A more intense shade of green

Zero-net energy, sustainability, and wellness are goals more developers and AEC teams strive for.

October 31, 2017 |
The five-story, 230,000-sf Mueller Multifamily residences in Austin, Texas

The five-story, 230,000-sf Mueller Multifamily residences in Austin, Texas, earned LEED Platinum certification and an Austin Energy Green Building 1-star rating. Its 279 units use 12% less energy and between 16% and 25% less water than conventional apartments, and feature eco-friendly building materials that improve indoor air quality. Xeriscaping reduces outdoor water usage. Page designed the units to be constructed with energy-efficient plumbing, electrical, and HVAC.

One of Burns & McDonnell’s recent  projects was the Hawaii Air National Guard Squad operations and training campus at Joint Base Pearl Harbor-Hickam. The LEED Platinum project was designed for zero-net energy use. Burns & McDonnell developed an energy-conservation investment program for the integration of photovoltaic arrays. The building also is resilient enough to withstand hurricane forces.

“Just being green is not enough,” says Stephanie Graham, Burns & McDonnell’s Sustainability Manager. Her firm has seen increasing demand for supplier transparency, where clients qualify and rate service providers based on their third-party certifications.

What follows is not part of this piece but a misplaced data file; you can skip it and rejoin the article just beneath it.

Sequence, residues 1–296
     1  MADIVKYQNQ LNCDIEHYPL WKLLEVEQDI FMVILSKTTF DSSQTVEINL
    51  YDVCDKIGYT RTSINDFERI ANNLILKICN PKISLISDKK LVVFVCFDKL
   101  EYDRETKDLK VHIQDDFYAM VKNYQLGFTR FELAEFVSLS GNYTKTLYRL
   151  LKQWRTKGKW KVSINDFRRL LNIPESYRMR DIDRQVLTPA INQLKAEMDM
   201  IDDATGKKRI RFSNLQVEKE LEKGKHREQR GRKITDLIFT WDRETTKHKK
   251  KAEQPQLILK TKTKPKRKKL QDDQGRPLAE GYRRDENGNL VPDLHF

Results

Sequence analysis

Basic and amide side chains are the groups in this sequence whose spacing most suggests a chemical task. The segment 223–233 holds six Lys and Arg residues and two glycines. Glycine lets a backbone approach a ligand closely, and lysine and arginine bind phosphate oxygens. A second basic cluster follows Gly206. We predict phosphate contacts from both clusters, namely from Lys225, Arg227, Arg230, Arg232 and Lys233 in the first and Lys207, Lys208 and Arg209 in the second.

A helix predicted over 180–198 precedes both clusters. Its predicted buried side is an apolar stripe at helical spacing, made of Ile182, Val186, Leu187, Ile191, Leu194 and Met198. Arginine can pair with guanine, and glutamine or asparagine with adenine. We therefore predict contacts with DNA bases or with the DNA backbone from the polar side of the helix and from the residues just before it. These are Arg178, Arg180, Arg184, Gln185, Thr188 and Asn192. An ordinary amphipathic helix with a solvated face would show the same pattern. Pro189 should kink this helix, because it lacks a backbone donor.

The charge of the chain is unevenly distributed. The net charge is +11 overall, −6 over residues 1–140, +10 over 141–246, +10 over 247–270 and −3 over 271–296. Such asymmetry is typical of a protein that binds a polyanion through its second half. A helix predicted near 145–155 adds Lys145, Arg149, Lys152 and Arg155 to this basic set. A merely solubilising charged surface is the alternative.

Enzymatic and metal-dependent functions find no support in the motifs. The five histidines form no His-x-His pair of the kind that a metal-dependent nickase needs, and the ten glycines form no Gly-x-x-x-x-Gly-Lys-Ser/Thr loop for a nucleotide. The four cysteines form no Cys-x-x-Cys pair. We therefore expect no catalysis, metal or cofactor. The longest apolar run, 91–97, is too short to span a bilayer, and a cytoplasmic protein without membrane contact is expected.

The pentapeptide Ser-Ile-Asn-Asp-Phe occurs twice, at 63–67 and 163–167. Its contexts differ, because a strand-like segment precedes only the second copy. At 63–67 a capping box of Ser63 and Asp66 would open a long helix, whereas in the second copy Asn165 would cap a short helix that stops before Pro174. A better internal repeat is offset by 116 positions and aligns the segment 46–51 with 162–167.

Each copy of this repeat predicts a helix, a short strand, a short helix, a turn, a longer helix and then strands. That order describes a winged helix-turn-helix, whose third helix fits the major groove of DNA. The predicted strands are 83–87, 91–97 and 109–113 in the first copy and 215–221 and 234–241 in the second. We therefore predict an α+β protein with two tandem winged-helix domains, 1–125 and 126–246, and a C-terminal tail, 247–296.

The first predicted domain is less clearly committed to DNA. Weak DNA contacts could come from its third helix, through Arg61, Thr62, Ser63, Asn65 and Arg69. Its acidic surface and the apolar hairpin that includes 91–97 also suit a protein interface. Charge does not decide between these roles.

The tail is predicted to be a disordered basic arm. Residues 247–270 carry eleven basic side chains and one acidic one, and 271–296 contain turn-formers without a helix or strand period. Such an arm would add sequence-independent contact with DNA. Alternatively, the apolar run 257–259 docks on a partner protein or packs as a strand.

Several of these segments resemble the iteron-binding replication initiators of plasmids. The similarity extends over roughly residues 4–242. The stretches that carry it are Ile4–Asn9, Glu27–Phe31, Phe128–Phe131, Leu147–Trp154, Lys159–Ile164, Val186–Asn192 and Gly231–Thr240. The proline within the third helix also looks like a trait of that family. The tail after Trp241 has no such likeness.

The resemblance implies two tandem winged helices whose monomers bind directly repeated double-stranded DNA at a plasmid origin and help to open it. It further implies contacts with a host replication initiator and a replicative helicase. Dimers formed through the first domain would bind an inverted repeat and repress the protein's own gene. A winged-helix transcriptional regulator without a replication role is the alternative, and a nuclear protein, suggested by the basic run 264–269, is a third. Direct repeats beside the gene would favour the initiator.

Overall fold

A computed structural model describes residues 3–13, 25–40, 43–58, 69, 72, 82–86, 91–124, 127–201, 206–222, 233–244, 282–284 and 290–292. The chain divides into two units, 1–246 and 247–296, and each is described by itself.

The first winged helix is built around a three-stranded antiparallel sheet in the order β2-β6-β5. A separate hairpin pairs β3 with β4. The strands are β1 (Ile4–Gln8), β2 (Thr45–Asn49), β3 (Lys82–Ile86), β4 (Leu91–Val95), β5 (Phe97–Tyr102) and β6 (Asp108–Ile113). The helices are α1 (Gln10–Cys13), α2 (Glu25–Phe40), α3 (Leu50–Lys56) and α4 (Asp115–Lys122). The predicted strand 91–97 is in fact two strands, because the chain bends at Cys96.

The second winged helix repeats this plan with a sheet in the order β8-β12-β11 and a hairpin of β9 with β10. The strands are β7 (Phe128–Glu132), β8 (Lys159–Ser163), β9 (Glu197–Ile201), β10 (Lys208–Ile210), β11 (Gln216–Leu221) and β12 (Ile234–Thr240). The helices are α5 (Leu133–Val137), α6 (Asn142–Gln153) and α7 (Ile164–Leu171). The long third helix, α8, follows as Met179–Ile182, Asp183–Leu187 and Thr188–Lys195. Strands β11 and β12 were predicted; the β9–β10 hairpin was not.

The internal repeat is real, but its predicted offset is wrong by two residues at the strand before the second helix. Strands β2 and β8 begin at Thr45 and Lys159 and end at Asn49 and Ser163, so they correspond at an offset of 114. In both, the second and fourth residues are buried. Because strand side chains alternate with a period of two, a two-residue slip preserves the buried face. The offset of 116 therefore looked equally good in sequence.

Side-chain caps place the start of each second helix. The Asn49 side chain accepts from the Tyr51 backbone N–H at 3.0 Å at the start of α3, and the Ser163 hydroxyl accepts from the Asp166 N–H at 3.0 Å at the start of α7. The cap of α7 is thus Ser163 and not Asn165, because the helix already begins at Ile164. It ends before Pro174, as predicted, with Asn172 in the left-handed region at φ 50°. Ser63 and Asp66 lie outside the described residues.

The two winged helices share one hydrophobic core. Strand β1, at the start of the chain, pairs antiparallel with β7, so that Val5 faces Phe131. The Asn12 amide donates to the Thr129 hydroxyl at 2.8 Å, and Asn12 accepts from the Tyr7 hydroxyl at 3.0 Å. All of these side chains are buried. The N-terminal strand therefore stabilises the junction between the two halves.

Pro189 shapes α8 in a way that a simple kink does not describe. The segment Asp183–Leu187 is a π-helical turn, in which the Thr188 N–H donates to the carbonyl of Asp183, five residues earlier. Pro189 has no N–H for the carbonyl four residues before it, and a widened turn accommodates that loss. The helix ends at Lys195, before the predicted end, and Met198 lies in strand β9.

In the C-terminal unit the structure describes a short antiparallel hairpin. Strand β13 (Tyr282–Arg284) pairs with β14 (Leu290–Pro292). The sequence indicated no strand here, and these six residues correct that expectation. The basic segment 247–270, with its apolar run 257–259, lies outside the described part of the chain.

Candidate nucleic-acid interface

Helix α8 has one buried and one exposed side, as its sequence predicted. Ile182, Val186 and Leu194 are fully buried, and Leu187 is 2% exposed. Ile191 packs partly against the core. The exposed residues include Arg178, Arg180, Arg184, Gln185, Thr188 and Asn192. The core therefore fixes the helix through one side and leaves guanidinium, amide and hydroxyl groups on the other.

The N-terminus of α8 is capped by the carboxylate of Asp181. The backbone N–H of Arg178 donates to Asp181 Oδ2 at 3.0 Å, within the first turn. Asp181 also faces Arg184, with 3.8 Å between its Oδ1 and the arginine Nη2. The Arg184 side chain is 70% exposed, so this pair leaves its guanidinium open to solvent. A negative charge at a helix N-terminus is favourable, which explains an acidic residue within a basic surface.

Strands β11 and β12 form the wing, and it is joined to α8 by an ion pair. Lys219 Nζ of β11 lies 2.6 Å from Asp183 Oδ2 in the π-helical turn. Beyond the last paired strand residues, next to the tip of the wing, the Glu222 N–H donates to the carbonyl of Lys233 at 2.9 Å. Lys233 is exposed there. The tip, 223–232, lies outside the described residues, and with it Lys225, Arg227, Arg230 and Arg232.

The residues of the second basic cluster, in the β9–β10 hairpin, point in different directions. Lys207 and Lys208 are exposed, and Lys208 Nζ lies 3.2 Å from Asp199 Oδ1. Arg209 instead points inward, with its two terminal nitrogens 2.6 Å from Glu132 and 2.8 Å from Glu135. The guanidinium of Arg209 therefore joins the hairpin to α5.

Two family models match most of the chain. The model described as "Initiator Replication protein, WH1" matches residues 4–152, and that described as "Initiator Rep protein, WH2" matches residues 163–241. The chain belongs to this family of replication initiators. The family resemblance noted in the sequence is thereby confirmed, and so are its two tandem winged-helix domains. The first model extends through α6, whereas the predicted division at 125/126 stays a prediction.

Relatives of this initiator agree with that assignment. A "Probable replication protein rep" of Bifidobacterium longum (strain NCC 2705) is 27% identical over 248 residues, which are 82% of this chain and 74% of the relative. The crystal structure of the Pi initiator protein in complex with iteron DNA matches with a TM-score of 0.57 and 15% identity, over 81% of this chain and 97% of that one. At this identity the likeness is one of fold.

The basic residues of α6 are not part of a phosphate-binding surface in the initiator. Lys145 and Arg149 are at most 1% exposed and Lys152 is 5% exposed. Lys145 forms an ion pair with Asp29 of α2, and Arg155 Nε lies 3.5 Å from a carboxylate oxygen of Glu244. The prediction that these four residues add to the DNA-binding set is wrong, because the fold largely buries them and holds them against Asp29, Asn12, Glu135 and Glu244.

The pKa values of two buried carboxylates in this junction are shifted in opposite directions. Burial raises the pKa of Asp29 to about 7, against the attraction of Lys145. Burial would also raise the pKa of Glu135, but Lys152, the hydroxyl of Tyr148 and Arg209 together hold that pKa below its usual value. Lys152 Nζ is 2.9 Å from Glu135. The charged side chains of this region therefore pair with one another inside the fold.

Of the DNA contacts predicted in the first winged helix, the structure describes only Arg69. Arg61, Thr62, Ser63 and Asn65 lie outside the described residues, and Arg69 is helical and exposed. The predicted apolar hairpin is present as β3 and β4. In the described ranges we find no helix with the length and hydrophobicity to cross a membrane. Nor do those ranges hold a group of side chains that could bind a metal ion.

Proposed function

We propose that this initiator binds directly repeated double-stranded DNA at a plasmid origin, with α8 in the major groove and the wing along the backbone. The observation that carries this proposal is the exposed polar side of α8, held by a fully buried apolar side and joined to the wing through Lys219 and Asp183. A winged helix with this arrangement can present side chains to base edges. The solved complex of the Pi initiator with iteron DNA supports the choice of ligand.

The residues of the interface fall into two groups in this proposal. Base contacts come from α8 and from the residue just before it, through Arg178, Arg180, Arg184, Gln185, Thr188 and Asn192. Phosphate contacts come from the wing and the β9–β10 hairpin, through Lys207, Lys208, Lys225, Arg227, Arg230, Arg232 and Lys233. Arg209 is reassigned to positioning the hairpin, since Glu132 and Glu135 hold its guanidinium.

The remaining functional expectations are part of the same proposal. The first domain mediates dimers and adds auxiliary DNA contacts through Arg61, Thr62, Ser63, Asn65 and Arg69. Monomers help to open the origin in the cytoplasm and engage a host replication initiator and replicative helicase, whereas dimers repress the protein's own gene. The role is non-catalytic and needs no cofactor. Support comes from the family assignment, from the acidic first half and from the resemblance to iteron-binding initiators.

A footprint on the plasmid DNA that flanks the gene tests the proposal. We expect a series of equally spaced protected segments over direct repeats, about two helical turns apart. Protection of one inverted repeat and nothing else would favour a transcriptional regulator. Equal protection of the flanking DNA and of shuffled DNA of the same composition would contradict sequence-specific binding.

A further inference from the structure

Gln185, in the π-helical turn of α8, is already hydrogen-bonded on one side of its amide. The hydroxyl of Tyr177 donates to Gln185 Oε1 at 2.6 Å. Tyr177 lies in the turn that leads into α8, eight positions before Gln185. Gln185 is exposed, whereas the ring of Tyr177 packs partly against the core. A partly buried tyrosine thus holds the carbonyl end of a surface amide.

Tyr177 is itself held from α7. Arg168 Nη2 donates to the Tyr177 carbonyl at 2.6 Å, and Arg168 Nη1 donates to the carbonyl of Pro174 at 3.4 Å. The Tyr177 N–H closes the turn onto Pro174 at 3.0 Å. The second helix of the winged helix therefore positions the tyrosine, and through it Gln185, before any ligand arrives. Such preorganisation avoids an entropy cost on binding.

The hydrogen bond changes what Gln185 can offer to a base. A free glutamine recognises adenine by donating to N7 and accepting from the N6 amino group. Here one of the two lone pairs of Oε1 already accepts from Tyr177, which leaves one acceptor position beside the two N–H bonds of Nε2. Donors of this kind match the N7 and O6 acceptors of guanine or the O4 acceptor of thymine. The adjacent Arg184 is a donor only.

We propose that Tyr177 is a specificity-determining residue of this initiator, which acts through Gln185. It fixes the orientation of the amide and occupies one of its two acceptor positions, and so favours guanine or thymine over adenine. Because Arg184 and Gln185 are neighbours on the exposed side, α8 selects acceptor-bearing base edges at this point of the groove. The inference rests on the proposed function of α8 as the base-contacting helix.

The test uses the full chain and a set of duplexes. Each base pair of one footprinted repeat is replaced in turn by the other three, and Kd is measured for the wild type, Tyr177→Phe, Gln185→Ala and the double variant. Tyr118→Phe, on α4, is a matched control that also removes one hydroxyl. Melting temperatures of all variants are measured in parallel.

At a minimum, she says, providers are expected to benchmark their carbon emissions, track goals, and publish results. She adds that a growing number of her firm’s projects now aim for zero-net water use and zero-net waste in construction.

The majority of Page’s design teams now use parametric energy modeling tools to take advantage of opportunities to design passive energy solutions prior to engineers taking over to create active solutions, says Robert Phinney, Page’s Associate Principal and Sustainable Design Director.

 

ALSO SEE: BD+C Giants 300 green rankings

Top 130 green architecture firms

Top 45 green engineering firms

Top 85 green construction firms

 

Phinney says achieving zero-net energy in buildings is now a “mainstream” pursuit for many developers and their AEC partners. “New technologies, renewed knowledge of passive systems, and affordable renewables are evaporating the boundaries that have traditionally kept a large part of the industry from pursuing green building,” he says.

Burns & McDonnell is designing buildings to recapture and filter stormwater to replenish aquifers and alleviate burdens on sewer systems. Its construction group offers material reuse services to place excess or “like new” construction products into buildings.

Burns & McDonnell is also incorporating wellness components, such as biophilia and optimized views of the outdoors, into projects. One such case: its renovation of the three-story, 47,500-sf Independence Utilities Center near Kansas City, which opened last November and earned a LEED Platinum rating.

 

SEE ALL 2017 GIANTS 300 RANKINGS

Overlay Init